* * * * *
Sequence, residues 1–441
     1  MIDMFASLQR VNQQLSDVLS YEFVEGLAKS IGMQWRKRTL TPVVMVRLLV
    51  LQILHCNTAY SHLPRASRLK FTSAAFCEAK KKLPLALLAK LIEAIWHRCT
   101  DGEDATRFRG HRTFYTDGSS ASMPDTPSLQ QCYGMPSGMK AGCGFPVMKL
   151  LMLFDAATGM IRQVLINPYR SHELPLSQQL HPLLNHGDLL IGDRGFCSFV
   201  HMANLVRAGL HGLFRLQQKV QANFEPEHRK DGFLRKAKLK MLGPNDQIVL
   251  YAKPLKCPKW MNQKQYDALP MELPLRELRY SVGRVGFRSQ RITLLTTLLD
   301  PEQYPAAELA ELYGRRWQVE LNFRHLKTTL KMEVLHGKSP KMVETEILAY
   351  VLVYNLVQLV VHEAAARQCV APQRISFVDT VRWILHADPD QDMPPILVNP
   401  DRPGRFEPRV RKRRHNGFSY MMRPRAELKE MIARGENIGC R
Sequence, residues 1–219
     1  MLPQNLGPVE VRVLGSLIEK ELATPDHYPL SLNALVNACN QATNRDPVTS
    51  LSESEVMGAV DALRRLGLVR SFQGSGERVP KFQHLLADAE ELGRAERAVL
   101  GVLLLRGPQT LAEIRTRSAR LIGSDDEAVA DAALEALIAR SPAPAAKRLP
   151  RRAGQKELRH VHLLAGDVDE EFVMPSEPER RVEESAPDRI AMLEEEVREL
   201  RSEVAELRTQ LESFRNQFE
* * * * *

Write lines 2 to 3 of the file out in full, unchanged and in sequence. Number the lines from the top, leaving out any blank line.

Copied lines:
     1  MIDMFASLQR VNQQLSDVLS YEFVEGLAKS IGMQWRKRTL TPVVMVRLLV
    51  LQILHCNTAY SHLPRASRLK FTSAAFCEAK KKLPLALLAK LIEAIWHRCT